Why This Husband Hates Mother's Day
- John UpChurch Senior Editor, BibleStudyTools.com
- 2014 7 May
Please don't hurt me. :-) I'll explain...
The pastor had good intentions. At least, I think he did. Before the service, he reminded the men in the audience—especially the notoriously forgetful, impudent husbands—that Mother's Day would pounce on us like a rabid, starving cheetah.
"I did something big for my wife this past weekend," he bragged. "I mean really big." He paused and smiled to let his words sink in. A few people laughed.
And then he hit us with the punchline: "Now I can check that off my list and forget about it for a while." I couldn't see his wife's face, but I'm told it showed exactly what she thought of that. Thankfully, that night's speaker wasn't the pastor but a guest who hadn't ticked off the audience.
If you want to know why I hate Mother's Day, look no further than this pastor's earnest but misguided attempt at mood-softening humor. His wink-wink-nudge-nudge joke may seem harmless, but there's a subtle implication here that's not so funny.
The don't-be-a-slob Christian husband meme in our culture goes something like this: men should definitely honor their wives (the Bible says so), and this is best done by remembering three super-important dates -- birthday, anniversary, and Mother's Day (if applicable). If you do this, you've nailed this husband thing.
But keeping three dates from being sucked into the vacuum of golf outings, fantasy baseball teams, kids' activities, and work? That's hardly honor. We'd be no better than the servants who slobbered all over themselves because they knew they'd done nothing more than the bare, sad minimum (Luke 17:10). And those guys don't exactly receive a commendation.
Mother's Day in our society has boiled down to hardened mass. Frantic husbands who nearly forgot (again) rush to the store to buy a card written by someone else, purchase a gift certificate so that someone else can provide a service to their wives, eat a meal with their spouse that someone else cooked, and/or buy flowers that someone else picked and prepared. And that's honor. That's "doing something big."
Well, not for this husband. Why not? Because I don't want to honor my wife? No, because she deserves much more than three remembered dates.
She's the woman who blinks away the telltale aura of a coming migraine to play another round of Cootie with her two girls. She's the woman who shakes off one garden failure after another until she grows something that my food-sensitive daughters can eat. She's the woman who would rather bake her own bread from scratch than let those food issues keep her girls from their peanut butter and jelly sandwiches. She's the woman whom God uses to speak sense into the head of her stubborn husband.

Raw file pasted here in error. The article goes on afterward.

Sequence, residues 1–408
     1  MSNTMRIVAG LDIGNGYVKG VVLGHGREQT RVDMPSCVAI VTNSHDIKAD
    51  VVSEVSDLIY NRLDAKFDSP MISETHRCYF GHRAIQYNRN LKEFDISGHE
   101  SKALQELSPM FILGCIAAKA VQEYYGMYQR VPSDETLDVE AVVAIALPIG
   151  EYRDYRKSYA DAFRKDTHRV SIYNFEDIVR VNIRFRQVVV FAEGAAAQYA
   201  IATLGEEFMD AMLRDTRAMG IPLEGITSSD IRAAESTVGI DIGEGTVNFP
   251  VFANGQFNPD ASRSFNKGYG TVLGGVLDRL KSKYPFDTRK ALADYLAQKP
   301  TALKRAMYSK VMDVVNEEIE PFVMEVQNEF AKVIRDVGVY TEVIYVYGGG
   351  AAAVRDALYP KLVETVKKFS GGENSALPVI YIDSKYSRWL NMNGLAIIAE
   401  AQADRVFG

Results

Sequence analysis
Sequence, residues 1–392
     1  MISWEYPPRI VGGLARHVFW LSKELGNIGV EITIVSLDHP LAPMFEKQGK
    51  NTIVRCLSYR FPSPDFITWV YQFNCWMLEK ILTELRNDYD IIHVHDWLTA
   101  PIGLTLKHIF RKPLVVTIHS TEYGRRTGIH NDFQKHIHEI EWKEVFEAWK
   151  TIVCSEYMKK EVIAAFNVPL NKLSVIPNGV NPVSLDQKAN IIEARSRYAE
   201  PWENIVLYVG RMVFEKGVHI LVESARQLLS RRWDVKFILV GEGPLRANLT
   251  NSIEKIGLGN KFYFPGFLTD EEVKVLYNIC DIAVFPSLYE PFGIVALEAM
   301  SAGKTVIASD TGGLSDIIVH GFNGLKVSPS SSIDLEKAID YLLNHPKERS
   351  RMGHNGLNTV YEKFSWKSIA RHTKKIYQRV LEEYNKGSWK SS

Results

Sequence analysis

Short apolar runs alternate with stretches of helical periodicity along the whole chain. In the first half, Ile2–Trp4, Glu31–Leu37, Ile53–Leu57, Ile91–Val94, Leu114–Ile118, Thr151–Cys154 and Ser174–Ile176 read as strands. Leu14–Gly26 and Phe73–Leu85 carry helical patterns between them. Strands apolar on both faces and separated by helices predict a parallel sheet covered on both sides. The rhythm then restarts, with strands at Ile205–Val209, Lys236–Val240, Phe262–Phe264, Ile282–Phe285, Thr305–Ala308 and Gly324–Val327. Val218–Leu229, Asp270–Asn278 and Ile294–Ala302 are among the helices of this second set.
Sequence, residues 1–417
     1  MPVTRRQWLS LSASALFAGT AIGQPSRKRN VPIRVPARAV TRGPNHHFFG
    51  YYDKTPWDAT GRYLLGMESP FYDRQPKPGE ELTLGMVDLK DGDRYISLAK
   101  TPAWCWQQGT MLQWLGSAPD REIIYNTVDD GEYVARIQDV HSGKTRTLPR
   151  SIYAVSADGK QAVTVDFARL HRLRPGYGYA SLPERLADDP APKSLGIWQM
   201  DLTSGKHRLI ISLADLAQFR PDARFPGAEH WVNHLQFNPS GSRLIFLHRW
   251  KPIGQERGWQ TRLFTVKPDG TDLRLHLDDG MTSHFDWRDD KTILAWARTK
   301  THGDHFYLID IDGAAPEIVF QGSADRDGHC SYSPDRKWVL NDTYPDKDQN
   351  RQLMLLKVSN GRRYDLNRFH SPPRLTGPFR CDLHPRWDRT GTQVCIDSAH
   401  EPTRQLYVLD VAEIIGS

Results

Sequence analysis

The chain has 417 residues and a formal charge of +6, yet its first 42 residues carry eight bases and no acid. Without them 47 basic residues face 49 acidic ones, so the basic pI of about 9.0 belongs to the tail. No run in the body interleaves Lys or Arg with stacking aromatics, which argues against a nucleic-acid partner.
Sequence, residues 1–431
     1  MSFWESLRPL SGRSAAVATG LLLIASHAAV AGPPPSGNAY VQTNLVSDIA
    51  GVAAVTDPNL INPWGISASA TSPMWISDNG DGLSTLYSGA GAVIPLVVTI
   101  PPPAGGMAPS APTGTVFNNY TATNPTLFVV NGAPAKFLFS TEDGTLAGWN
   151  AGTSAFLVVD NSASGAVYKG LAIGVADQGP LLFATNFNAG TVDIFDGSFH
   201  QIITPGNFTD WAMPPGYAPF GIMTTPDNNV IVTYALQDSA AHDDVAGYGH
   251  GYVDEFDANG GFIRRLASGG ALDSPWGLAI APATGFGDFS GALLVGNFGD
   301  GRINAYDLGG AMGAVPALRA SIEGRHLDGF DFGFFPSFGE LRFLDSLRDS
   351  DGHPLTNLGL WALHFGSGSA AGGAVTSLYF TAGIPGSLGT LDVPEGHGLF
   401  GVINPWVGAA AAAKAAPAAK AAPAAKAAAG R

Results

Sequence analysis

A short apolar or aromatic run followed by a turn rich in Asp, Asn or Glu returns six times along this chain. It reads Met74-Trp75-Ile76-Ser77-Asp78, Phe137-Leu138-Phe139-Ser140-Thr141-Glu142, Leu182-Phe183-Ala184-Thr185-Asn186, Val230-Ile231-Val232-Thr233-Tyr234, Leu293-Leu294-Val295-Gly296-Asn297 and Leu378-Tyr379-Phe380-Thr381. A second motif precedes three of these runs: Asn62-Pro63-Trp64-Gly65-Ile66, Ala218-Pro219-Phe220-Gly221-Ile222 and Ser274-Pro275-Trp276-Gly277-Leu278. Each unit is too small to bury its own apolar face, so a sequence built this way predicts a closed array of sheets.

I couldn't honor her for all of that by handing over some cardstock pleasantries and petunias on a single day of the year. For some reason, I don't think the woman of Proverbs 31 was "blessed" with a one-time shopping spree to Target.
I hate Mother's Day in our culture because it gives husbands and dads an easy out. As long as we don't forget that starving-cheetah surprise of Mother's Day, we're good. We've checked that off our list. We've paid our dues.
But my wife means more to me than a single annual holiday. Laying down my life surely implies more than adding a reminder on my phone for one Sunday in May. Loving her like Christ surely can't be reduced to a perennial obligation. I'm not perfect (she'd say amen to that), but I don't want the commercialized, don't-forget-it-or-else Mother's Day to water down what honor is all about.
If you want to do something big—really big—don't focus on this single day and call it "mission accomplished." Instead, start by never checking "honoring my wife" off your to-do list. Sure, you'll fail from time to time, but this is one area where effort really does count.
Publication date: May 7, 2014